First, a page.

business news in context, analysis with attitude

by Michael Sansolo

If you are laboring under the illusion that there isn’t enough to worry about, I have something else for you. (Don’t shoot the messenger.) It concerns an educated look into the future buying power of the American consumer, and I have one suggestion for you before reading on.

You may want to sit down.

A survey by found that 42 percent of Americans have less than $10,000 saved for retirement. About 14 percent have nothing saved at all.

Those are horrible statistics.

Now, it’s possible there could be all kinds of problems with that survey. For instance, perhaps it oversampled young people who are just getting started in the workforce and haven’t begun to think about a far-off retirement. That might explain the stunningly poor retirement planning and help the numbers look better.

It’s possible. But unfortunately, that’s not the case.

As the Motley Fool reported this past January, 42 percent of boomers (and 41 percent of Gen Xers) have only just begun saving for retirement, which as any financial planner would say, is way too late.

Clearly the numbers from GoBankingRates are on the money, even if the consumers aren’t.

Essentially everyone currently in their 40s, 50s, 60s and 70s needs go on an incredible saving spree (if circumstances allow it) or prepare for either working into their 80s or watching every last penny for the rest of their lives.

The reality is that we are going to have millions of consumers facing a dim financial future, which means that pressure on economizing in every way is going to take hold at a furious pace sooner or later. Suddenly it might make sense why Aldi and Dollar General are opening stores at a breakneck pace and why Lidl is trying so hard to get its footing in the US.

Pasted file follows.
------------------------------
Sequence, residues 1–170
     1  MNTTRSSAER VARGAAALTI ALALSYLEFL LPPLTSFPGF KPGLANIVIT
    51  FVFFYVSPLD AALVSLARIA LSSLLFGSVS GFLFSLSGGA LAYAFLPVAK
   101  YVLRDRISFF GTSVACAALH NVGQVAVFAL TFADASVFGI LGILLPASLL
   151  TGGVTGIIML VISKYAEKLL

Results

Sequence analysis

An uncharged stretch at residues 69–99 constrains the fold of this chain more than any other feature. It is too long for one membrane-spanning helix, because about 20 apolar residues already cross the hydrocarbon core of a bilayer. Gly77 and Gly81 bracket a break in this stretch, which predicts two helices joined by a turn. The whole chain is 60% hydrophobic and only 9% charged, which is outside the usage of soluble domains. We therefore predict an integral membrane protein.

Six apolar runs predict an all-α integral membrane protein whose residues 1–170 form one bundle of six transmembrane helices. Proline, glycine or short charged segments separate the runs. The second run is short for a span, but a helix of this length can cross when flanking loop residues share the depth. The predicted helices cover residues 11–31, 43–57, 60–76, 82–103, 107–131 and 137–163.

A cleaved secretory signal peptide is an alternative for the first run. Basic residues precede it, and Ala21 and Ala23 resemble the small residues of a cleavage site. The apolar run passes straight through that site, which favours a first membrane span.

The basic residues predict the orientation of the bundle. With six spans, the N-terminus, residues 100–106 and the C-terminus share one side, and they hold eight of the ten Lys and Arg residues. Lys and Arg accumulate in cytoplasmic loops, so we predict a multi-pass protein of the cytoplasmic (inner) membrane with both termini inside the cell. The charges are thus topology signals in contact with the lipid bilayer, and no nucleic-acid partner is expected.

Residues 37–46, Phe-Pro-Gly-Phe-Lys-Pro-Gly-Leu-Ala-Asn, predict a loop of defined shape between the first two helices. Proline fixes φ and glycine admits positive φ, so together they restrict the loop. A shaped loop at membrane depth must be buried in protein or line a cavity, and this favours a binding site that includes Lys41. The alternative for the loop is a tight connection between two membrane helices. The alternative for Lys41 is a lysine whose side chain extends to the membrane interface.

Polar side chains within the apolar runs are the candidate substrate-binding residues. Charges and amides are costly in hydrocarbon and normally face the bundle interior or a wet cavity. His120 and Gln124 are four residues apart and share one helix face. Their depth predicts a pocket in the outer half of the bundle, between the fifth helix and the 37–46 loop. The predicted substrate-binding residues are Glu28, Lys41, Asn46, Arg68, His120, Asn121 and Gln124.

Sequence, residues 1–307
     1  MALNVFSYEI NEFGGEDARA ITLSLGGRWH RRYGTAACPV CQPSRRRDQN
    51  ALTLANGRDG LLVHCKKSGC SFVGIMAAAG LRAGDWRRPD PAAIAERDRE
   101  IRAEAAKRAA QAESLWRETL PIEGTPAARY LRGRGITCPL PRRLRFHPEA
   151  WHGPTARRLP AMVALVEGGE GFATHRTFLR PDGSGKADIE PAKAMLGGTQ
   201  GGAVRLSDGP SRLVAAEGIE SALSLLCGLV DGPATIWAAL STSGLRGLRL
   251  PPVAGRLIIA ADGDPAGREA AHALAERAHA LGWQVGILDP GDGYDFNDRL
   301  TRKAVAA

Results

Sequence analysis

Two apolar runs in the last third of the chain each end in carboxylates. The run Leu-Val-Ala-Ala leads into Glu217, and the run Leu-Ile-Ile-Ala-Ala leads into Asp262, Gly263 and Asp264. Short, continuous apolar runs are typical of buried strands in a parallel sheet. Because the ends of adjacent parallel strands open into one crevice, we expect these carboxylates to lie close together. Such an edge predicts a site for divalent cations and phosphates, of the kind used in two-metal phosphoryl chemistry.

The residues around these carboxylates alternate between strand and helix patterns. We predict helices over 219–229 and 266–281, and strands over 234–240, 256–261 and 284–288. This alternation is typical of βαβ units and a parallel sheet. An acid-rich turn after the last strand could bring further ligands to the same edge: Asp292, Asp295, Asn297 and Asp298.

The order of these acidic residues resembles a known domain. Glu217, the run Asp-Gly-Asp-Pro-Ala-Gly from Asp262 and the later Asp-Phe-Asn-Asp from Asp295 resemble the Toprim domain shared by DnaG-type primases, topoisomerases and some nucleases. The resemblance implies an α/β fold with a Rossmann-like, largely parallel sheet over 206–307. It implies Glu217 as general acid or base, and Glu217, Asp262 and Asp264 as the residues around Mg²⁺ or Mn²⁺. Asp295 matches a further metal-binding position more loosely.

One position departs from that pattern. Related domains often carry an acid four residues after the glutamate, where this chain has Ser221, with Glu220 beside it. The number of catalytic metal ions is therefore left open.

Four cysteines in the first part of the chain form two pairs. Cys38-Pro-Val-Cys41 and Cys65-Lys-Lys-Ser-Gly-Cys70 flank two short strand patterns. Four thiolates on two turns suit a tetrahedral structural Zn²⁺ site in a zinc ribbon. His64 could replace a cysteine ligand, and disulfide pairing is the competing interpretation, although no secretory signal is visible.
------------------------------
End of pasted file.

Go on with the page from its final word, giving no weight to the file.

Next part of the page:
We are looking at an explosion in the numbers of people making price their chief priority when it comes to shopping.

Here’s the good news for some of our readers: this story isn’t about Amazon.

The bad news is that it actually is and it doesn’t matter anyway.

Shoppers always are driven by different needs and even different need states. There are times and even specific products for which price is the main determinant. At other times, indulgence or experience wins the day. The challenge for any company has always been to carve out a large enough niche to ensure success and to understand the almost illogical mix of moods that drive spending behavior.

That might explain the most recent moves by Walmart (partnering with Lord & Taylor!) and Kroger (an alliance with robotics/logistics/warehouse company Ocado) in a larger sense. Smart companies are playing chess and making moves for the long-term battle ahead when the challenge will come in winning as much market share as possible from the 60 percent of the population with sufficient savings for their future or getting into the trenches to go after the other 40.

Don’t forget, Amazon is out there looking for its share as well. (And if you don’t remember, MNB will be here to remind you.)

The question that retailers have to ask themselves is this: What are you doing to get ready for these changing circumstances?

Unlike that 40 percent of the population, you had better get planning.

Michael Sansolo can be reached via email at . His book, “THE BIG PICTURE: Essential Business Lessons From The Movies,” co-authored with Kevin Coupe, is available on Amazon by clicking here. And, his book "Business Rules!" is available from Amazon by clicking here.
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